Google AdWords: make your campaign the best it can be!

adwords-logoOnline advertising is crucial to every business and it’s a great way to show your ads to those people that are likely to be in your target market, and thus potentially be interested in your product or service. It’s also a great way to achieve the basic goal of just increasing your brand awareness. Online advertising doesn’t just have to be done through a computer or laptop, it can work across all platforms that run the internet, including smartphones and tablets. Using Google AdWords can be a useful tool that can help you with all of your online advertising.

The benefits of AdWords include…

  1. Target Your Ads: you want to show your ads to the specific people that will actually care about your product or service, not just the general population. Ways to do this targeting include using the correct keywords, having the right location for your ads, having the right demographics of your target market, showing your ads at the right time of day or day of the week, and showing your ads on the correct devices.
  2. Control Your Costs: Google offers you the flexibility of deciding how much you’d like to spend each month, each day, or for each ad. Theres no minimum, and you can have total control. The only time you pay is when someone actually clicks on your advertisement.
  3. Measure Your Success: Not only can you just see when someone clicks on your ad, you can also track those who make the desired conversion on your landing page. By identifying which ads get lots of clicks and which ones don’t, you can focus on the successful ads and use this to increase your return on investment. You can also use Google Analytics as well to track how long a customer is on your site before they actually make the conversion.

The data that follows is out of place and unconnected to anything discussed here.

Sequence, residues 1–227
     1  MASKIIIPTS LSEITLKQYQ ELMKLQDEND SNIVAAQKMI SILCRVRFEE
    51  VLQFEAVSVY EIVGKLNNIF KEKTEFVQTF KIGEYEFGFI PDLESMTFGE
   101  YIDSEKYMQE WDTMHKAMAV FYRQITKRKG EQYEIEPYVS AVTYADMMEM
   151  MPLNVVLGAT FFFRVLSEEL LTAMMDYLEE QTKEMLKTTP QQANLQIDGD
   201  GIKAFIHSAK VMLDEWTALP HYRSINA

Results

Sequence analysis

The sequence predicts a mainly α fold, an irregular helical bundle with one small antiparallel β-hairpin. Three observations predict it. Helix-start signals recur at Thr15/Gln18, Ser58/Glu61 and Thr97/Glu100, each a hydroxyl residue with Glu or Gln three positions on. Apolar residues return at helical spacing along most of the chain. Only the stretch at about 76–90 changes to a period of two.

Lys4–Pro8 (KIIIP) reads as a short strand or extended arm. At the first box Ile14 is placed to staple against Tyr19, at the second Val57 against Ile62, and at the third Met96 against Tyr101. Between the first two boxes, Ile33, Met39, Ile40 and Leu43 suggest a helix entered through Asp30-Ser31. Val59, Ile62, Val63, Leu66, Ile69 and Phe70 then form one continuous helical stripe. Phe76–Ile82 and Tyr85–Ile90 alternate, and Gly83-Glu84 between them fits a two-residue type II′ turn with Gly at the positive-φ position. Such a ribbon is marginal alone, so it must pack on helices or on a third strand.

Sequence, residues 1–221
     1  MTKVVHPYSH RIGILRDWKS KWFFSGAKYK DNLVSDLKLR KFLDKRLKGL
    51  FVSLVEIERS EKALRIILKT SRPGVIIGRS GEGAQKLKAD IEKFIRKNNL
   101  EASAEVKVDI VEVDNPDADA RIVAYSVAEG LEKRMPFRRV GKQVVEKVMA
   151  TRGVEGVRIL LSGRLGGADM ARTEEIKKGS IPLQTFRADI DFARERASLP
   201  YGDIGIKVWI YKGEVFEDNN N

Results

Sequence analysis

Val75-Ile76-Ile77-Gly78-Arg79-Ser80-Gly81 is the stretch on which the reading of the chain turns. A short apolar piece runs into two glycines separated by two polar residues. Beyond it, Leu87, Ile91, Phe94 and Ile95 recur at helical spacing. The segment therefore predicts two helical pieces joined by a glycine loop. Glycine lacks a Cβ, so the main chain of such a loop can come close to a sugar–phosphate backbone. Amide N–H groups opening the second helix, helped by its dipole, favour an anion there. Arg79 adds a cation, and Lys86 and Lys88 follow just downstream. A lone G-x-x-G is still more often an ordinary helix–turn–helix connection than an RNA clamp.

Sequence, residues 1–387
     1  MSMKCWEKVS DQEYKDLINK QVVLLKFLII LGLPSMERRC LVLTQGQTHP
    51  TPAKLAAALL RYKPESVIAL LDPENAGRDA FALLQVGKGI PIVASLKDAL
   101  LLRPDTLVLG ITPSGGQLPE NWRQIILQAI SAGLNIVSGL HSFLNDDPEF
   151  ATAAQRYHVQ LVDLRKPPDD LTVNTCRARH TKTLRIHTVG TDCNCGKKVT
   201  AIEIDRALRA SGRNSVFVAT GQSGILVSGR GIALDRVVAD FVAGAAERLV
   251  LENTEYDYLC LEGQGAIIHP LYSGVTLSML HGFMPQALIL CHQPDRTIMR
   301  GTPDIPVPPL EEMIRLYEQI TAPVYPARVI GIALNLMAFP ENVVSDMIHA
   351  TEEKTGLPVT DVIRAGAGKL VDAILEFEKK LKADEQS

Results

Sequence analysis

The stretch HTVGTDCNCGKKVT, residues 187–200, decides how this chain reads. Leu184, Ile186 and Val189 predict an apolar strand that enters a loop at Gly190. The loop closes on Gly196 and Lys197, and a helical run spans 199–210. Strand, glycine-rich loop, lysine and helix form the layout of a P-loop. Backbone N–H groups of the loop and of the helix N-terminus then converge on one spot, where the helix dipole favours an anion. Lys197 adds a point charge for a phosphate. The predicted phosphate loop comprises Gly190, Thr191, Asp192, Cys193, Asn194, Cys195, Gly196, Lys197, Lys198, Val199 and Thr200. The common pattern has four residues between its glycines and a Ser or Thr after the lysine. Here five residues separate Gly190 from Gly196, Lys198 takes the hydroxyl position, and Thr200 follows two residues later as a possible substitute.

4. Manage Your Campaign: AdWords offers  you the convenience of being able to manage multiple accounts if you have them. This can help you save time by seeing all of your accounts in one place. Google also offers a downloadable application called AdWords Editor, and through that you can edit your accounts and campaigns offline.

Here’s a clip of what Google AdWords actually looks like!


Google offers 2 different networks for you to display your ad campaign on: the Google Search Network and the Google Display Network. Different campaign types run on either one of these 2 networks. The Google Search Network consists of not just regular Google Search, but also Maps and Shopping and hundreds of other non-Google partner websites that will show an AdWords ad that matches search results. The Search Network is primarily used to help advertisers show their text ads in a Google search results page, and quickly reach their customers that are searching for their specific product or service. The Display Network consists of several Google Sites (Gmail, Blogger, Youtube…) as well as partner sites, mobile sites, and apps that will show an AdWords ad that matches search results. The Display Network is primarily used to help advertisers use appealing ad display formats, build brand awareness and customer loyalty, increase engagement with customers, and specifically choose where ads show, as well as to who.